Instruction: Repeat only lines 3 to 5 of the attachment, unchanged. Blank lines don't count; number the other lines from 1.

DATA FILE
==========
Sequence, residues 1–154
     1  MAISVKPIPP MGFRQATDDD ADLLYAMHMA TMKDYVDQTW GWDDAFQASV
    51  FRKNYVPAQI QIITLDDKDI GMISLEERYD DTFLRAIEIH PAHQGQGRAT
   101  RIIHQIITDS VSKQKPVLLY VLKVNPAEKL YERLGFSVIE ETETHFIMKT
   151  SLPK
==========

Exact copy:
    51  FRKNYVPAQI QIITLDDKDI GMISLEERYD DTFLRAIEIH PAHQGQGRAT
   101  RIIHQIITDS VSKQKPVLLY VLKVNPAEKL YERLGFSVIE ETETHFIMKT
   151  SLPK